Do you remember record stores? I almost do, through the hazy mists of time. Way back in 2005 people still went to record stores (though, even then, their days were beginning to seem numbered). Napster had come and gone, but BitTorrent was on the rise, and the record store was looking for a way forward.
In Canada, the last remaining large chain of record stores is HMV. Most of the malls around here have one of them, and they increasingly don’t sell music. 2005 is probably around the time that they began a definitive shift towards DVD retailing, and most of the stores that I was aware of began to give more floorspace to movies and television box sets than to music CDs. These days, with the rise of Netflix, even that seems like a bad business model, and the stores sell a lot of Sons of Anarchy shot glasses, toys, and t-shirts. Whenever I go in a HMV now, it seems sort of sad.
In 2005 HMV made some noise when they pulled all of Bob Dylan’s albums from their store shelves. The cause of the dispute? Dylan and Columbia released an album exclusively through Starbucks. This, for many, was another sign that the post-Victoria’s Secret ad Dylan had lost his way, and that he was a thoroughly corrupted sellout. The album, Live at the Gaslight 1962, was a natural for the coffee chain – connect themselves to the legacy of one of Greenwich Village’s most famous coffee houses. It’s a no-brainer for them. But for HMV the eighteen-month exclusivity was a slap in the face, and so they pulled all of Dylan’s albums for that period (I do recall that they left in dividers where the CDs should have been noting the reasoning, and also noting that they would special order his material if you were unable to simply order it from Amazon like a normal person would do).
Today, all of the HMVs around me have about seven Dylan CDs in them – a lot of greatest hits collections, and usually a random couple of albums. The whole model is crumbling away. The appeal of an HMV to me today is the ability to walk in and pick up the physical copy of Bootleg Series 11 for the booklets that accompany it – a bonus serious enough for me to turn my back on iTunes. But, of course, Amazon spammed me months ago based on all the Dylan books I’ve been buying, and one-click – you can’t beat it.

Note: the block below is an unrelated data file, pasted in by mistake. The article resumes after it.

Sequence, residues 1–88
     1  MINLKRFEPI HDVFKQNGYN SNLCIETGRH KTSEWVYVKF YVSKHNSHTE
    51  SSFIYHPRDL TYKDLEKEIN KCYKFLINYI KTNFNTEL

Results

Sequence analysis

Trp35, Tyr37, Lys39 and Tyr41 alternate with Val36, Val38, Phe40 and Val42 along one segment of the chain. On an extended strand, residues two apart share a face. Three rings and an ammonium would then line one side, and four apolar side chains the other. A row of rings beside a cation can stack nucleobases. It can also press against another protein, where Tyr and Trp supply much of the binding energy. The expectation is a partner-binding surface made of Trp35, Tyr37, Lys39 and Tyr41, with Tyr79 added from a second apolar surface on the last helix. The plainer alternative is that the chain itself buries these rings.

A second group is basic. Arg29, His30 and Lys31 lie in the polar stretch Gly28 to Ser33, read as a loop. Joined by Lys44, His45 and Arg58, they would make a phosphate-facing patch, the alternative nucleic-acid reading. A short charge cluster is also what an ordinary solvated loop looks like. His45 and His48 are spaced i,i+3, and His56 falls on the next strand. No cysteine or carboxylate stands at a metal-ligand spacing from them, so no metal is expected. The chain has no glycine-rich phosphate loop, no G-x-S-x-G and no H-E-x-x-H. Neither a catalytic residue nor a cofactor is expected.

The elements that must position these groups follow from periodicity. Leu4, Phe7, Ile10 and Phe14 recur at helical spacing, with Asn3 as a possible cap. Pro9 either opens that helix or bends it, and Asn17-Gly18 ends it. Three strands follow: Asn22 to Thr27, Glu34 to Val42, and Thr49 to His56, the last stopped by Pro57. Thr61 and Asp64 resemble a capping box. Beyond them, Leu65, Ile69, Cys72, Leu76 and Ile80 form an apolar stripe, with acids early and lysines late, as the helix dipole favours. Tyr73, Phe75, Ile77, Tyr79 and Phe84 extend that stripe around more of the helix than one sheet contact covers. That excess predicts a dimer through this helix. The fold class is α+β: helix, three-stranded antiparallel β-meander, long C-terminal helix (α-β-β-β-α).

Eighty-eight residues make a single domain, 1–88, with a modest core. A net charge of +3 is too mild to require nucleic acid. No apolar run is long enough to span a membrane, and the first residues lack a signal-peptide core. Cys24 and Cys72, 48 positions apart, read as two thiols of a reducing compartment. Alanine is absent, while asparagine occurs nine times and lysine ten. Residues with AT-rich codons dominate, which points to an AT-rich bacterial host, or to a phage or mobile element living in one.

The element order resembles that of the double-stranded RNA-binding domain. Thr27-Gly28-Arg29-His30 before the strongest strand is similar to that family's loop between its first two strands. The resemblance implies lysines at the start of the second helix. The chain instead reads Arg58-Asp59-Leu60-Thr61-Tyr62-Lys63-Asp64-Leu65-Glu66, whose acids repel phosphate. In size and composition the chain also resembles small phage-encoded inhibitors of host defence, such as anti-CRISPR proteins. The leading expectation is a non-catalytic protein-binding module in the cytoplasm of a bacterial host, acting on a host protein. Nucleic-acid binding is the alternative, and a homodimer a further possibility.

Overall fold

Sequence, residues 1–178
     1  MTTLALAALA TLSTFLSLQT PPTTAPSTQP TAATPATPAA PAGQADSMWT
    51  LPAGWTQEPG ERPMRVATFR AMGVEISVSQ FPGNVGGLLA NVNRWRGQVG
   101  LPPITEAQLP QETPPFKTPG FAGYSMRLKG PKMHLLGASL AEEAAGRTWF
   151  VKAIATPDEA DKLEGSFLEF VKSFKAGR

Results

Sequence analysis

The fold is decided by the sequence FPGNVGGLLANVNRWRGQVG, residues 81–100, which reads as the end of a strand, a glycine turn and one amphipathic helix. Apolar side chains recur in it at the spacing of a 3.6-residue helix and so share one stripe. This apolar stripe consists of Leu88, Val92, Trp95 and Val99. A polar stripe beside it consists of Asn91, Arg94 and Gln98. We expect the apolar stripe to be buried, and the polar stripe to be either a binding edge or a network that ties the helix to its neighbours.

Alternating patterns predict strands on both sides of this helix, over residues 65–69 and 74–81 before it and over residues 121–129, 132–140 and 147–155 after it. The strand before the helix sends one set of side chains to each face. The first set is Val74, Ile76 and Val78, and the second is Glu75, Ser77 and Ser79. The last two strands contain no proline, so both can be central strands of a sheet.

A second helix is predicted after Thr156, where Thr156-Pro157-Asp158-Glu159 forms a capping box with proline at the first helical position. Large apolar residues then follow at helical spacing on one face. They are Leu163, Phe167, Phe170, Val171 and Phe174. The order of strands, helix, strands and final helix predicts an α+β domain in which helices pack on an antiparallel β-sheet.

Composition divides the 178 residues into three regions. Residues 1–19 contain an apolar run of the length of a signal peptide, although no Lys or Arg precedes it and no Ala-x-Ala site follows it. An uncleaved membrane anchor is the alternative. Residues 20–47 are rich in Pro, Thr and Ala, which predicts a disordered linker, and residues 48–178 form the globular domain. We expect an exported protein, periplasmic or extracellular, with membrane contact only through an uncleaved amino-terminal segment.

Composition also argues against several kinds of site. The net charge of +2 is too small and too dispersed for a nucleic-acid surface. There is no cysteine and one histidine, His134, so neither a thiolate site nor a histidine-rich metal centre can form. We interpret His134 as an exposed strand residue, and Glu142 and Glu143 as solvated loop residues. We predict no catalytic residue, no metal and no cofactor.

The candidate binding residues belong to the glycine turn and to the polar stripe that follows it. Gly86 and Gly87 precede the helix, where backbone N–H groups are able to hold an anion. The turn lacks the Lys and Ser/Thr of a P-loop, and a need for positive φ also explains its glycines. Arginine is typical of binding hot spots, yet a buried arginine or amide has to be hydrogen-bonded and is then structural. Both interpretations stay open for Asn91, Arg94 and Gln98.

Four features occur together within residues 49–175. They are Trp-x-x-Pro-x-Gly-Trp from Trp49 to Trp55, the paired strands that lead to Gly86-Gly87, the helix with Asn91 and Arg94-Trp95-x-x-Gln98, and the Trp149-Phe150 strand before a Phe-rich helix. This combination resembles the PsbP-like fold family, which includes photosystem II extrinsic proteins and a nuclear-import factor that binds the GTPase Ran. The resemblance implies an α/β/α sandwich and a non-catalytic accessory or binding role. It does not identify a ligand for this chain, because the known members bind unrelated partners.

As for Live at the Gaslight 1962, well, that’s a blast from the past. First week of January to be precise! This material is well circulated in Dylan tape trading circles. It was recorded in October 1962 on a reel to reel run through the PA system, so the sound is really quite good given the technology of the period. The bootleg known as “The Second Gaslight Tape” tape is seventeen tracks, ten of which appear here (there is some dispute about the second and third Gaslight tapes – I can’t sort that out, I leave that to my betters. Actually, check that. Go here for a good breakdown of the tapes: It seems that this album combines performances from two different sets). It’s great material – a couple of original songs as they’re beginning to take shape (“A Hard Rain’s A-Gonna Fall”, “John Brown”, and “Don’t Think Twice, It’s Alright”) – and then some traditional folk music like “Barbara Allen” and “Handsome Molly”. It’s a very intimate recording – when there is applause it always sounds like there are about eight people there. In fact, it is so intimate that on “Hard Rain” you can hear someone singing along. I don’t think that’s a backup singer – I think it’s someone in the audience! It’s a very solid sampling of the proto-Dylan just before he would hit the big time.
Strangely, this album is not listed by BobDylan.com as one of his albums (also strangely, they list both versions of Bootleg Series 11 as separate albums). I’m not sure why that is at all. It’s not included in the Complete Album Collection, and it isn’t part of the Bootleg Series. Seems like a strange orphaned thing, but I have no idea why that is. Also, it is no longer in print. Amazon.ca has it for sale at $130 and Amazon.com for $88.
If you don’t have that kind of money sitting around, you can hear the entire album here.